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When I am watching movies I seem to never catch actor's direct look into the camera. If you ever being filmed you will know how difficult it is to avoid the camera pointed at you and I can only imagine how many of those cameras are involved during filming.

I could attribute this purely to professionalism of actors, however, what is the key in avoiding the camera during filming?

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29  
use your eyes to not look into the camera – davidlumix Mar 10 at 15:04
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"Welcome to Acting for Beginners. Lesson #1 - Don't look at the camera, directors hate that". – user7812 Mar 10 at 15:22
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"Welcome to Acting for Beginners. Lesson #2 -- beatings will continue until you stop looking at the camera". – Steve Jessop Mar 10 at 16:19
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Is "natural selection" a valid answer? – corsiKa Mar 10 at 18:43
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@corsiKa - good point. The folks you're seeing on TV/Hollywood films have gone through what I assume is a ridiculous (both emotionally and physically) weed out process that is "Hollywood". I'm sure there are tons of actors who do look at the camera, we just don't see them because by the time you get to National TV/Hollywood, you're (theoretically) so good at acting, that it's not an issue. – BruceWayne Mar 10 at 18:52
up vote 71 down vote accepted
+200

It's only difficult to not look into the camera for you because you're not used to being around them. If someone's taking a photo or video of you, you're "trained" to look at the camera because it's generally a portrait-style shot.

Actors are trained to not look at the camera. Looking at the camera is called "spiking the camera" and it means that you've just ruined a shot and you have to start over... congrats, you just cost the company money. As the TV Tropes article points out, editors don't always catch these, so you may see them in films and TV:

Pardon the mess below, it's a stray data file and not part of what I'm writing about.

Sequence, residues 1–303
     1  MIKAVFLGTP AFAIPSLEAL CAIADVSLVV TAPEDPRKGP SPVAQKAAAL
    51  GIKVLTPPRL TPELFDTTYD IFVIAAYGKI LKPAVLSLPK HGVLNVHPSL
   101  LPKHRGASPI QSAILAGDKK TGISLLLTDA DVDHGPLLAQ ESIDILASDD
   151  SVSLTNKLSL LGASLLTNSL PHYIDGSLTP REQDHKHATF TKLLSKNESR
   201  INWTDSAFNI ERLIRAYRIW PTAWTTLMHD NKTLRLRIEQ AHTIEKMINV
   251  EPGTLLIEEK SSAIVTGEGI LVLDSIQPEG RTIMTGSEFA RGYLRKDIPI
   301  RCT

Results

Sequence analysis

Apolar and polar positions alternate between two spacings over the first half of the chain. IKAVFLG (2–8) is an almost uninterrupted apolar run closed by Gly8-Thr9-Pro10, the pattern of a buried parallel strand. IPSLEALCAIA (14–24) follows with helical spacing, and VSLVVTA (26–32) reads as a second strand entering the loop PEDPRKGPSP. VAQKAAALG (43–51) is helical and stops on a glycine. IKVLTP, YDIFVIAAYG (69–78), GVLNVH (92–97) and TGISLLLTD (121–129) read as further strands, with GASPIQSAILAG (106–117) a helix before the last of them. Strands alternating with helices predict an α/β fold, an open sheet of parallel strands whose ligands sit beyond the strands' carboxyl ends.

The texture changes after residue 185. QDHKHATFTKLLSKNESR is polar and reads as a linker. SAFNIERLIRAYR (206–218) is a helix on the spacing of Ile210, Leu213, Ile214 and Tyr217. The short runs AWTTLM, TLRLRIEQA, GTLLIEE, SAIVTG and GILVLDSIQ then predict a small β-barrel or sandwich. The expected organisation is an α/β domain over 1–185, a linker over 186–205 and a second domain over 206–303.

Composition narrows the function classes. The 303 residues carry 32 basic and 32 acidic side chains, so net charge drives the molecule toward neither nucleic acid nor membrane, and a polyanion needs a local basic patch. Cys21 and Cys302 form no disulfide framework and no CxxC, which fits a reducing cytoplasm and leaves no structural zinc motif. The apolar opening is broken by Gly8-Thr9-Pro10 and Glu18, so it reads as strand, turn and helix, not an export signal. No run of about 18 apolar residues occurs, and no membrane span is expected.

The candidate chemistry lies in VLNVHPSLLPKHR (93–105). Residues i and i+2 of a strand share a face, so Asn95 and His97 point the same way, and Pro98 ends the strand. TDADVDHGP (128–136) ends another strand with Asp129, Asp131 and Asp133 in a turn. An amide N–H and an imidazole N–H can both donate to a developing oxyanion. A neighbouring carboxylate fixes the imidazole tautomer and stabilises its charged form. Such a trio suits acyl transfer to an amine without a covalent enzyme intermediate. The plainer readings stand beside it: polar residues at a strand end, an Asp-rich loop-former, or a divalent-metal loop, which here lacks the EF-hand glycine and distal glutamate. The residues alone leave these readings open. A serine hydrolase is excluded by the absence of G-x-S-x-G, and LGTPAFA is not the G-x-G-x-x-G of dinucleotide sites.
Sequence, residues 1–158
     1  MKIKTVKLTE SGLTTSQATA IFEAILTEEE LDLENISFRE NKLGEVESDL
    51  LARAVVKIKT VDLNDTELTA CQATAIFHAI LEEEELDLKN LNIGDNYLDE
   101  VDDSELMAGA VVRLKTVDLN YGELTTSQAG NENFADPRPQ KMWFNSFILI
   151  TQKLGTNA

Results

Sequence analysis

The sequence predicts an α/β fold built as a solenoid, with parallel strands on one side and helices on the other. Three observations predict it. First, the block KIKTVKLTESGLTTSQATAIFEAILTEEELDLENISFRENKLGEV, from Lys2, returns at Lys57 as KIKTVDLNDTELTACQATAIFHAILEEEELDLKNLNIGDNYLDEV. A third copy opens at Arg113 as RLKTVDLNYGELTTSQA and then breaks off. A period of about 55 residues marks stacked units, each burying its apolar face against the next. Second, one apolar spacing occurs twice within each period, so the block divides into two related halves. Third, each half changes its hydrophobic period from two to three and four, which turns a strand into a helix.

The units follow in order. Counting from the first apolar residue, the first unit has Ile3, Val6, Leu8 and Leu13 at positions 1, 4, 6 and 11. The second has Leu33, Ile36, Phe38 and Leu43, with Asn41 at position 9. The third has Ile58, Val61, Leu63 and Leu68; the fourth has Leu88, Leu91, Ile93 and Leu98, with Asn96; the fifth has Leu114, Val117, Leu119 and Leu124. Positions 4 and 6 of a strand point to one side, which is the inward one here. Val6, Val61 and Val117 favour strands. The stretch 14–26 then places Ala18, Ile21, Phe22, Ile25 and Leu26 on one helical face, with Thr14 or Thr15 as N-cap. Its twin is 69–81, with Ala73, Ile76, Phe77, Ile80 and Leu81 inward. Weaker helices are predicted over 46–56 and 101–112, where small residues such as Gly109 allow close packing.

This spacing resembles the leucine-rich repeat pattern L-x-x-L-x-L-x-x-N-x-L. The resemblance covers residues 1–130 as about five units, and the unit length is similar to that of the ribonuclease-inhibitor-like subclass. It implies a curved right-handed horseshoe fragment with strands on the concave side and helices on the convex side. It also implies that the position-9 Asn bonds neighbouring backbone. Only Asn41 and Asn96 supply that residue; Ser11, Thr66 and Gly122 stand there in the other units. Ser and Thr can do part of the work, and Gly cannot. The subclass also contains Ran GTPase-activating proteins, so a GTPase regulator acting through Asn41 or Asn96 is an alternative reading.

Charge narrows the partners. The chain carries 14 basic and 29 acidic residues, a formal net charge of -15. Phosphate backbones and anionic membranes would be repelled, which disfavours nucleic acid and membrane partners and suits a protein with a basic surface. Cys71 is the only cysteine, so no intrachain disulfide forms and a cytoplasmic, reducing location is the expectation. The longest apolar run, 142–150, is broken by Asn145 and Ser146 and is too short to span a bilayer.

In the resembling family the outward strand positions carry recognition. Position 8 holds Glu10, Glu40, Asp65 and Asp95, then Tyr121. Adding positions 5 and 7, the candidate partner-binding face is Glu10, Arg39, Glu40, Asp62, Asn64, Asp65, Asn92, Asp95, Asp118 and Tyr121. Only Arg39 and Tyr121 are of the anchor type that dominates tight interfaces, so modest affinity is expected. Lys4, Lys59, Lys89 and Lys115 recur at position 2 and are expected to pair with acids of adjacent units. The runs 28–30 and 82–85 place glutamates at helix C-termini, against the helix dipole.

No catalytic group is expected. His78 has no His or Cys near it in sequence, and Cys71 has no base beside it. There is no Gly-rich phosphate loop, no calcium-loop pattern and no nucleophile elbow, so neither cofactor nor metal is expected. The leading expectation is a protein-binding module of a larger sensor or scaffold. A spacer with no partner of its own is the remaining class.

A specific form of Breaking the Fourth Wall accomplished merely by looking directly at the camera. Usually done by accident, by amateur actors who happen to notice a camera is pointed at them. The trouble here is that the editor didn't catch it, allowing the character to make eye contact with the audience. Typically a film or live TV trope, especially in dramas.

Trust me, even for new extras, you've had "don't look at the camera" so drummed into your head from the second you set foot on set, it's running non-stop through your mind that it's the only thing you're thinking about.

On set, directors will give actors a specific eye-line for where to look. Usually they're looking at another actor... the person they're doing the scene with. This is beneficial for performance reasons. If the person they're acting opposite isn't available due to scheduling or they're in makeup, or something else, they often have someone else there to deliver lines and act as eye line.

Sometimes they're looking at a thing off in the distance... building, animal, ocean... whatever. Sometimes they're looking at a piece of colorful tape that's stuck to part of the camera or other piece of equipment (this is generally used when the talent is almost looking at camera)... And, in CG films, they're probably looking at a colorful tennis ball on a stick being controlled by someone off camera.

Daenerys, and her beautiful dragon... stick

And, finally... and probably most importantly... if you're good at acting, you're so involved in what you're doing that everything other than the person/people you're acting opposite simply fade away into the background. If you're doing it right, the cameras, director, lights... everything else... it just goes away and it's just you and that other person having a conversation or fighting a monster or watching TV...

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This is the "after" image – Catija Mar 10 at 20:02
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@mnemonic and? I'm not certain where you're going with that. The question is about avoiding looking at the camera... Intentionally breaking the 4th wall isn't part of that. It's not accidental... It's part of the show. – Catija Mar 11 at 11:19
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@Catija She's looking in different directions in the "before" and "after" images! Sorry to nitpick, but since this is the whole point of the question ... – rand al'thor Mar 12 at 14:29
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@randal'thor it's not the whole point of the question. I didn't make the images... I used what I could find... And the after image isn't even part of the answer because it's irrelevant to the question. – Catija Mar 12 at 15:02
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@Catija No offence meant (and I did upvote)! It was just funny to see before and after pictures where she was looking in different directions, when the direction the actors are looking in is what it's all about :-) – rand al'thor Mar 12 at 15:06